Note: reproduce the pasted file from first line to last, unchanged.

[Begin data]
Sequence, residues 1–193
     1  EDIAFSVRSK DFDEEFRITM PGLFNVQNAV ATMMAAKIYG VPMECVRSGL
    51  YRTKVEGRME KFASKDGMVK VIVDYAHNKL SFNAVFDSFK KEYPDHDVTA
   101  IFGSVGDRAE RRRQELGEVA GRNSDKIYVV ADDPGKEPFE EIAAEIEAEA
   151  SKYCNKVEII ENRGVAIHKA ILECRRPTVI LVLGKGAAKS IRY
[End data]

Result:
Sequence, residues 1–193
     1  EDIAFSVRSK DFDEEFRITM PGLFNVQNAV ATMMAAKIYG VPMECVRSGL
    51  YRTKVEGRME KFASKDGMVK VIVDYAHNKL SFNAVFDSFK KEYPDHDVTA
   101  IFGSVGDRAE RRRQELGEVA GRNSDKIYVV ADDPGKEPFE EIAAEIEAEA
   151  SKYCNKVEII ENRGVAIHKA ILECRRPTVI LVLGKGAAKS IRY